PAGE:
By understanding fetal brain injury caused by exposure to methanol and related toxins, an emerging team of researchers is laying the groundwork for potential new therapeutic interventions to protect fetuses at risk for FASD.
"The main goal will always be prevention of FASD," says lead researcher James Reynolds, Queen's University professor of Toxicology and Pharmacology, "but we also have to develop strategies to minimize injury to the developing fetus and individualize earlier therapeutic interventions for children with pre-natal exposure to alcohol."
The interdisciplinary research team, which also includes James Brien and Doug Munoz from Queen's, Peter Carlen (University Health Network), Bhushan Kapur (Sunnybrook Hospital) and Brenda Stade (St. Michael's Hospital) from Toronto, received just under $1.5 million dollars in funding from the Canadian Institutes of Health Research.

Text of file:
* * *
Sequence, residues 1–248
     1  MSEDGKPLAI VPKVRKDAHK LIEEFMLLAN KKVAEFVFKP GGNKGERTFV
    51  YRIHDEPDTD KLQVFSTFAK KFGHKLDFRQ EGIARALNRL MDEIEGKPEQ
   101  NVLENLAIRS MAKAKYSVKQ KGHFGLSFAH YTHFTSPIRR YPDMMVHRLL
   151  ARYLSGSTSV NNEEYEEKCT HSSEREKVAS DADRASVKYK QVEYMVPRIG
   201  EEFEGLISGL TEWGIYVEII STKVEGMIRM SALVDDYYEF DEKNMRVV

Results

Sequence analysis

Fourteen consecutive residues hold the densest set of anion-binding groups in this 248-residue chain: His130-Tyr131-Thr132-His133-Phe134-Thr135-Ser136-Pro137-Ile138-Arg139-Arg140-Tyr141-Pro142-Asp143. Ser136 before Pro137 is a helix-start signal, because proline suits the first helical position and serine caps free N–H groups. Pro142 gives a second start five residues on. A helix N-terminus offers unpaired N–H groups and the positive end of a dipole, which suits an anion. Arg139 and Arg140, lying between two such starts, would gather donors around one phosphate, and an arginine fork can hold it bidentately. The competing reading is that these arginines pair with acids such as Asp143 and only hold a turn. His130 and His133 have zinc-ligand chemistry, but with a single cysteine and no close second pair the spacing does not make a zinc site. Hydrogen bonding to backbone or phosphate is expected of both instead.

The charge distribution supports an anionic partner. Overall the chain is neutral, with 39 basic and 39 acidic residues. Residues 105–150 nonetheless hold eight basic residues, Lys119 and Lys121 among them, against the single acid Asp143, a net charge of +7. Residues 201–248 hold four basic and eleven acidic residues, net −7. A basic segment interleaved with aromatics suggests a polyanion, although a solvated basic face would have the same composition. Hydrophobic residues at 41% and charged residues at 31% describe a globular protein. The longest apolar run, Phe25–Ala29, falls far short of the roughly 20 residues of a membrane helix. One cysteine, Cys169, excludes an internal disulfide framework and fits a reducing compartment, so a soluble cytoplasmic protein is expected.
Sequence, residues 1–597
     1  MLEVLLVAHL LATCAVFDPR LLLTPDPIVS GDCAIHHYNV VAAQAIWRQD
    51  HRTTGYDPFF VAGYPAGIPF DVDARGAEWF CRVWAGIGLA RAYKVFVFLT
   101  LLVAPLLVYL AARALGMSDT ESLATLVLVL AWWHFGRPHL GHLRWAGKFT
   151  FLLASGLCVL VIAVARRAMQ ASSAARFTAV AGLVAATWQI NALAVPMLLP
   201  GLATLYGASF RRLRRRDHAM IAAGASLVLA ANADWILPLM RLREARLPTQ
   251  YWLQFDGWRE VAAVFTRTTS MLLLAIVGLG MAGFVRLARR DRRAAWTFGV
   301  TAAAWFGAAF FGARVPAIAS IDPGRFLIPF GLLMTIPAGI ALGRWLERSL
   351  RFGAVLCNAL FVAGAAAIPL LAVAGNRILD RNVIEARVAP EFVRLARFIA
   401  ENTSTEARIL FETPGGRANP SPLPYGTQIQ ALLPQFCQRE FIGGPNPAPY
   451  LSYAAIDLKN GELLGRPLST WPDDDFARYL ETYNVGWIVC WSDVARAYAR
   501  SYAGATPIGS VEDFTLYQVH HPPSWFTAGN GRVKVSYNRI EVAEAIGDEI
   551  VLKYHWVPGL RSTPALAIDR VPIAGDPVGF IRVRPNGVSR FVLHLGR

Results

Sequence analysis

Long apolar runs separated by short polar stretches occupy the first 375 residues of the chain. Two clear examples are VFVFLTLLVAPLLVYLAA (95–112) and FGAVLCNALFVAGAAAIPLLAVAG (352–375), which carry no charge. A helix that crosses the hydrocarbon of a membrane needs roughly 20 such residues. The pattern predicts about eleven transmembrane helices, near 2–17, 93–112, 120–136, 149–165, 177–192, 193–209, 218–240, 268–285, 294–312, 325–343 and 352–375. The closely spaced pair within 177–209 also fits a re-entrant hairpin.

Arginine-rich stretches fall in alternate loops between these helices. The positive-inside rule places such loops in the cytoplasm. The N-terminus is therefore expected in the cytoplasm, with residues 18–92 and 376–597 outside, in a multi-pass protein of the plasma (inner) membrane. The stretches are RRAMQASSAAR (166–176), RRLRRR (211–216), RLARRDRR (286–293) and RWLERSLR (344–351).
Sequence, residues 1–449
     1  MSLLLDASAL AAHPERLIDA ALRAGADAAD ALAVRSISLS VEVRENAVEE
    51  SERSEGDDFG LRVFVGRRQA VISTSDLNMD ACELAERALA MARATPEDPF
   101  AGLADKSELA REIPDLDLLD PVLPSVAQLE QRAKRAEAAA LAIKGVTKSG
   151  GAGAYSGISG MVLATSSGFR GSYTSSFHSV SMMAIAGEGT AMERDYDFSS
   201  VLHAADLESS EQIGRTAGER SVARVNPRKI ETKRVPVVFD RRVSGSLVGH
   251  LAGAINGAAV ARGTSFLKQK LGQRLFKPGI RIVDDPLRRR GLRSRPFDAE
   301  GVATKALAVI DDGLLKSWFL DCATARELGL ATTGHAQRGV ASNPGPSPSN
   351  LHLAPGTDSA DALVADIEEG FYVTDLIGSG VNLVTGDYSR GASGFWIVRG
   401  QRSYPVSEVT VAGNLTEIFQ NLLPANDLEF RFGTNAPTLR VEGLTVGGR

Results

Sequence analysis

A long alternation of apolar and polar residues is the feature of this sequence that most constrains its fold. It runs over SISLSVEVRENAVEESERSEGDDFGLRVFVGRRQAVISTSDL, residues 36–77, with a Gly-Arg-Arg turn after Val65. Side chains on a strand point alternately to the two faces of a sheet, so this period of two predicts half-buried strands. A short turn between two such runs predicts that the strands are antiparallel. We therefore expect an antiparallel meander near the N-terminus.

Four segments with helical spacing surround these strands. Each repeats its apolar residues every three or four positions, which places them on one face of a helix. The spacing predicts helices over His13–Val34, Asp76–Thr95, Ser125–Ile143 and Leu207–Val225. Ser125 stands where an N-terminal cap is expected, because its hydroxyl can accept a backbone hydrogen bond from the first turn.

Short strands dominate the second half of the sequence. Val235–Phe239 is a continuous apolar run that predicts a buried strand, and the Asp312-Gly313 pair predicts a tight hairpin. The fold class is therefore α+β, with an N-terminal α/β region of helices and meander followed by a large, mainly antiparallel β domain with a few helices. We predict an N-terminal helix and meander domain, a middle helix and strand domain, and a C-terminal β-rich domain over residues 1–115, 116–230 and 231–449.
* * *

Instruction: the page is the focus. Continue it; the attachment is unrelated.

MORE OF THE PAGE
The Queen's researchers have found that simple eye movement tasks can be used to assess brain function in children with FASD. Since this technology is portable, the researchers plan to travel across the country to bring the research program into affected communities. "It's estimated that the incidence of FASD is about one per cent in the general population," Dr. Reynolds says, "but there are regions and communities in this country where the population affected by FASD increases dramatically."
Using blood samples from at risk mother-baby pairs, the Toronto team members hope to identify biological markers that may predict brain injury in the child. At risk babies will be tracked for 24 months following birth so researchers can identify early signs of FASD and develo
Contact: Lorinda Peterson